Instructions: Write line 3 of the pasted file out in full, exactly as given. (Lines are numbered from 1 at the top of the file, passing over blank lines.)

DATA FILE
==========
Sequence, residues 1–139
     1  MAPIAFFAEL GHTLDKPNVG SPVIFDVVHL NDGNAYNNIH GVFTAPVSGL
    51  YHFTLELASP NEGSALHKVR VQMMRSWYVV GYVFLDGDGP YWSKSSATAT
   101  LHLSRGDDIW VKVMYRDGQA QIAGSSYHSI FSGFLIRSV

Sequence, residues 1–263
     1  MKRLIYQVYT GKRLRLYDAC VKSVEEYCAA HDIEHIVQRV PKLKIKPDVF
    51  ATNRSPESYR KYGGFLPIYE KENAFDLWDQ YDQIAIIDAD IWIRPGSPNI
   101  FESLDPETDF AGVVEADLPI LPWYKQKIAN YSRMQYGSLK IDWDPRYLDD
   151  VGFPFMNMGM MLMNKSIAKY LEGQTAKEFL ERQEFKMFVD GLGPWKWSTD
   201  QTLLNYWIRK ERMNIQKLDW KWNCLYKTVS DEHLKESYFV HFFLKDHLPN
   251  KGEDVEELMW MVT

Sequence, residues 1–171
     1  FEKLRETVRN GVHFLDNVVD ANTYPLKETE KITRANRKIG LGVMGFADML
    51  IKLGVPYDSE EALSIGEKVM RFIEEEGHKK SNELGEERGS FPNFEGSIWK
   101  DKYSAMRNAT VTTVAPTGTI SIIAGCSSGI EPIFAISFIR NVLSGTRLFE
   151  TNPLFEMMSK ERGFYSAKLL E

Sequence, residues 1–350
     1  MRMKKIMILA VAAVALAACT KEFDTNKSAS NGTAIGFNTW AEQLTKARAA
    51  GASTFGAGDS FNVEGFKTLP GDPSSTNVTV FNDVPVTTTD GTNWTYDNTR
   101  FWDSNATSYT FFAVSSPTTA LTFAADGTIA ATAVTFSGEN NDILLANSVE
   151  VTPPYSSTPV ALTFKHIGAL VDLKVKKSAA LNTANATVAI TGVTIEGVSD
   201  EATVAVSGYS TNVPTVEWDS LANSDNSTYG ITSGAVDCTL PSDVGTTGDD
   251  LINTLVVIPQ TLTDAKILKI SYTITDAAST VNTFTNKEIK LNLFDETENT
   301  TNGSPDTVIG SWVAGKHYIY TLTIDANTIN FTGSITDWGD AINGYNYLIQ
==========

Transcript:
    51  YHFTLELASP NEGSALHKVR VQMMRSWYVV GYVFLDGDGP YWSKSSATAT